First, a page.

And, even as the first couple of miles rolled by, all seemed well ...
... until Fish Creek Hill.
This is a shot of Fish Creek Hill. One lane, probably a 10% grade, all loose gravel. You can see how it was cut from the side of the cliff -- spectacular views, but not so much fun trying to descend the whole way with an outrigger!
The next 22 miles were pure hell. I was able to ascend faster than descend, and the road was washboard in so many places that I felt like my bike was about to completely hop out from under me. The funniest was the A-DOT road maintenance yard in the middle of this crappy, washed-out area! Here is a shot of Tortilla Lake, about 10 miles into it. 12 miles still to go!
There were some spectacular views, but I seriously thought I'd have to stop and change my chamois in a couple of spots. If you look close, you can even see snow on the mountain-top in the distance -- the closest I got was about 1,000 feet under the snow line over at Top of The World. The weekend before, though, there was snow below 4,000 feet!
I spent a couple of hours on the dirt road, fighting a strong headwind the whole way. By the time I got to the Roosevelt Dam, I was ready to be done! But I made it! Take that, you nasty road!
This is a view of the spectacular bridge that runs right next to the dam, on Route 188 from Globe to Payson. Beautiful views all around!
What to do? At this point, I was so demoralized that the trip back seemed an impossibility. At least I knew the route home from Globe -- and it couldn't be too hard to get to Globe, right?
So it was Route 188 to the rescue -- pavement at last!
But what a false sense of security! I was already several miles down the road, still fighting that damn headwind that had shifted to the southeast from the east, when I spied this ahead of me ... yes, I had to climb that to get to Globe!
Uphill, counting down the meters as I went. Into the headwind, 5 miles of suffering. This would have been an awesome descent, but I wasn't sadistic enough to turn around! Remember that 7% is the average for 5 miles -- let me tell you, this climb went well above 7% in several places -- I encountered easier climbs in the Alps a few years ago! Let's just say I've never stopped at the top of a hill, shaking from fatigue before ...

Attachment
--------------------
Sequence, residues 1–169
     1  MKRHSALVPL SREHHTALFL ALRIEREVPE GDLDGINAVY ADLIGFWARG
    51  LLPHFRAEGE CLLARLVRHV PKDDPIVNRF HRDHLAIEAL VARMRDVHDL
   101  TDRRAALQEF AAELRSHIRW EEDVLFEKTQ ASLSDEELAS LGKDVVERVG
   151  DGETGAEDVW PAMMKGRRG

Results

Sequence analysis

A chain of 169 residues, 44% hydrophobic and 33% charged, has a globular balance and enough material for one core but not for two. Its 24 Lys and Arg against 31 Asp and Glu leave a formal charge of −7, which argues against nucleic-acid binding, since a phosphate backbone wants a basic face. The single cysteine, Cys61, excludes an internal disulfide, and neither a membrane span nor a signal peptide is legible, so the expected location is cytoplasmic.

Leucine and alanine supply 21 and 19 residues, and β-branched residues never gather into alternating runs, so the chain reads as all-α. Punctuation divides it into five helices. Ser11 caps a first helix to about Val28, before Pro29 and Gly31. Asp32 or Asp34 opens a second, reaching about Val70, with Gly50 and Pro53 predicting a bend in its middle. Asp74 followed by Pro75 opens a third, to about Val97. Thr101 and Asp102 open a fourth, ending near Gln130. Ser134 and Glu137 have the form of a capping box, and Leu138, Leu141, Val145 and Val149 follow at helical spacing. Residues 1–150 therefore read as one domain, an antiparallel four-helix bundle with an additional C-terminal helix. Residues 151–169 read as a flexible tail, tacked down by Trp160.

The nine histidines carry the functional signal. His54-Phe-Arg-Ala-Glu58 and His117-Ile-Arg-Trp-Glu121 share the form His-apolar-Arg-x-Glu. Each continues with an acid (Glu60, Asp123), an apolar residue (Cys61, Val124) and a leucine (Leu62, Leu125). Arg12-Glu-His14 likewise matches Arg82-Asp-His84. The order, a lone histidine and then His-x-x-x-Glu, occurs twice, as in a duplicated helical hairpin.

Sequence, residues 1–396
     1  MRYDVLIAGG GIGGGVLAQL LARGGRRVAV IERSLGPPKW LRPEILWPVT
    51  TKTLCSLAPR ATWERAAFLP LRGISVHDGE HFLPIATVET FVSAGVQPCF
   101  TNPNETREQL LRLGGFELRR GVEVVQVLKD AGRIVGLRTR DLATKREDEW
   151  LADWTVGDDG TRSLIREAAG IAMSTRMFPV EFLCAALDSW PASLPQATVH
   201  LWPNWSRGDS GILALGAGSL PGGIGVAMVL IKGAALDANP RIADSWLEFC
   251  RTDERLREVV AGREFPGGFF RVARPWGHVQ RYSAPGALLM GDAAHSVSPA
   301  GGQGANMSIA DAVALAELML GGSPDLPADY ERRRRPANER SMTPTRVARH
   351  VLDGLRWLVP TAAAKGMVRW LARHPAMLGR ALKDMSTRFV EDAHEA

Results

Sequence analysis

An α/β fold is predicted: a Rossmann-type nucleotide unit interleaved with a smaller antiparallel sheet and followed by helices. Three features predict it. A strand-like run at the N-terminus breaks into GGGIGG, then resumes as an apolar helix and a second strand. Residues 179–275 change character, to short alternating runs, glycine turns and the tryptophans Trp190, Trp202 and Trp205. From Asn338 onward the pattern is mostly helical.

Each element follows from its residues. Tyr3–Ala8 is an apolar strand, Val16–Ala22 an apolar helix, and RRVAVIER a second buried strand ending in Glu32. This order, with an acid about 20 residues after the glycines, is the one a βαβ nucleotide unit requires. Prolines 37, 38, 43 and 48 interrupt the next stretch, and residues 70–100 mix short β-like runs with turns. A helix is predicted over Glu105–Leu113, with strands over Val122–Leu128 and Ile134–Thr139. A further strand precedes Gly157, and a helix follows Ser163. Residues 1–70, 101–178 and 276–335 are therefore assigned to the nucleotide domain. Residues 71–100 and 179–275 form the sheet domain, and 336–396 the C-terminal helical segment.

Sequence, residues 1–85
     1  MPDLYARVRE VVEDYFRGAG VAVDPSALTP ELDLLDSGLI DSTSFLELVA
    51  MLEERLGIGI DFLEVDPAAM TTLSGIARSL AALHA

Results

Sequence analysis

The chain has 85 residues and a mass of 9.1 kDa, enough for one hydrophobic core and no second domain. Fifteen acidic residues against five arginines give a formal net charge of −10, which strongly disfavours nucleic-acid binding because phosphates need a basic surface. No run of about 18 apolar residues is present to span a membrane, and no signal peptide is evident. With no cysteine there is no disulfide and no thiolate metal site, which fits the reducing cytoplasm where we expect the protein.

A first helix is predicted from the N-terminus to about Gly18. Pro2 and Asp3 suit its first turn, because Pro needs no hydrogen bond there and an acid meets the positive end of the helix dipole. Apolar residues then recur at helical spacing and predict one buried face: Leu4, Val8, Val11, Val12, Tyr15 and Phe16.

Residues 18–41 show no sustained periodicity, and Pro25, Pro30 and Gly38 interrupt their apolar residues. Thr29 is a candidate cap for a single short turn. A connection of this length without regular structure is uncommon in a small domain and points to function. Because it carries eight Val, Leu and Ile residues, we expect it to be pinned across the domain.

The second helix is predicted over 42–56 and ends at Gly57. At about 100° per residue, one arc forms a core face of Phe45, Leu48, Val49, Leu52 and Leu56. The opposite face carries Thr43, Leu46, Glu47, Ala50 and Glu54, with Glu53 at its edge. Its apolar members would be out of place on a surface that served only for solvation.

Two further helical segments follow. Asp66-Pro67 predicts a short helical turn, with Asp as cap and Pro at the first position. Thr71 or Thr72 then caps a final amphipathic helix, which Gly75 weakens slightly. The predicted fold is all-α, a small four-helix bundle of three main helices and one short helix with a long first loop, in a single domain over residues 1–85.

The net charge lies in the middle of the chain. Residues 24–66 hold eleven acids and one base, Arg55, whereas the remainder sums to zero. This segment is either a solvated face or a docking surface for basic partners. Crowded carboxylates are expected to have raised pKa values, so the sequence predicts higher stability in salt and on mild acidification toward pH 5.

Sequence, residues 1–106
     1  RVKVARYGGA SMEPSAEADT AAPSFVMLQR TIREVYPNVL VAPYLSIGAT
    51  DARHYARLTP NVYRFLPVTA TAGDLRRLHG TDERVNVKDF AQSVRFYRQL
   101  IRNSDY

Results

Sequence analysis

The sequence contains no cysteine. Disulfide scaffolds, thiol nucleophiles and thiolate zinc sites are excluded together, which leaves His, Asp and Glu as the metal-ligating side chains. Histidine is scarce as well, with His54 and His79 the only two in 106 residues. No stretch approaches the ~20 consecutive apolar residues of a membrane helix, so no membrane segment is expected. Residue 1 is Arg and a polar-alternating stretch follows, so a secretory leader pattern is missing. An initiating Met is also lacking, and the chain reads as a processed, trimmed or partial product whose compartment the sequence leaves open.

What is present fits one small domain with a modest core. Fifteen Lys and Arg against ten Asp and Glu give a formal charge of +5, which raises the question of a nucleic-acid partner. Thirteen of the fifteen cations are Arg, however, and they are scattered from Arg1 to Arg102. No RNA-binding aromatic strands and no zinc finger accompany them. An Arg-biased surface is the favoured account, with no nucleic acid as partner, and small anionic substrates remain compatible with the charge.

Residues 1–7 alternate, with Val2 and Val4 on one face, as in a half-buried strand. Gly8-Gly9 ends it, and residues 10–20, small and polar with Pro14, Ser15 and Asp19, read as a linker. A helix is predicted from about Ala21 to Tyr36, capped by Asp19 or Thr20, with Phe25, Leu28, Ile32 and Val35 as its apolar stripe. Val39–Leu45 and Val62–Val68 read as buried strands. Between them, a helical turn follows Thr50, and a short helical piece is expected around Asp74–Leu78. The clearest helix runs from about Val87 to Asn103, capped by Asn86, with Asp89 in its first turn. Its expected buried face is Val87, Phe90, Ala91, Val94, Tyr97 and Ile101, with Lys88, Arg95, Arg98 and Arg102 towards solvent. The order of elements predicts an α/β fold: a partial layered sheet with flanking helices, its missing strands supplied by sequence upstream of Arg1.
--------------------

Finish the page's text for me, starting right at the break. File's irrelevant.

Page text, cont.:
Thankfully, it was all downhill from there to Globe, so I got a good rest. At the junction with Route 60, I took a moment to document the 5 hours and 45 minutes of headwind I'd been fighting -- this flag is huge, and stands above a massive mine, and for it to be that unfurled, let me tell you, there was quite a breeze!
From there on out, it was only about 50 miles to home ... with three mountain passes to climb! Thankfully, I knew these climbs well, and know the area very well, so I knew there were a few good places to stop and refuel without having to carry extra water and food over the hills. Of course, one of the climbs is known as "Top of the World," and at 4,600 ft. is one of the highest passes in the area! But with a tailwind and cross-tailwind all the way home, I finished the last 50 miles in less than 2 hours, 45 minutes, even with the climbing! Superstition Mountain (pictured here) never looked so welcoming!
I think I'll do the trails tomorrow?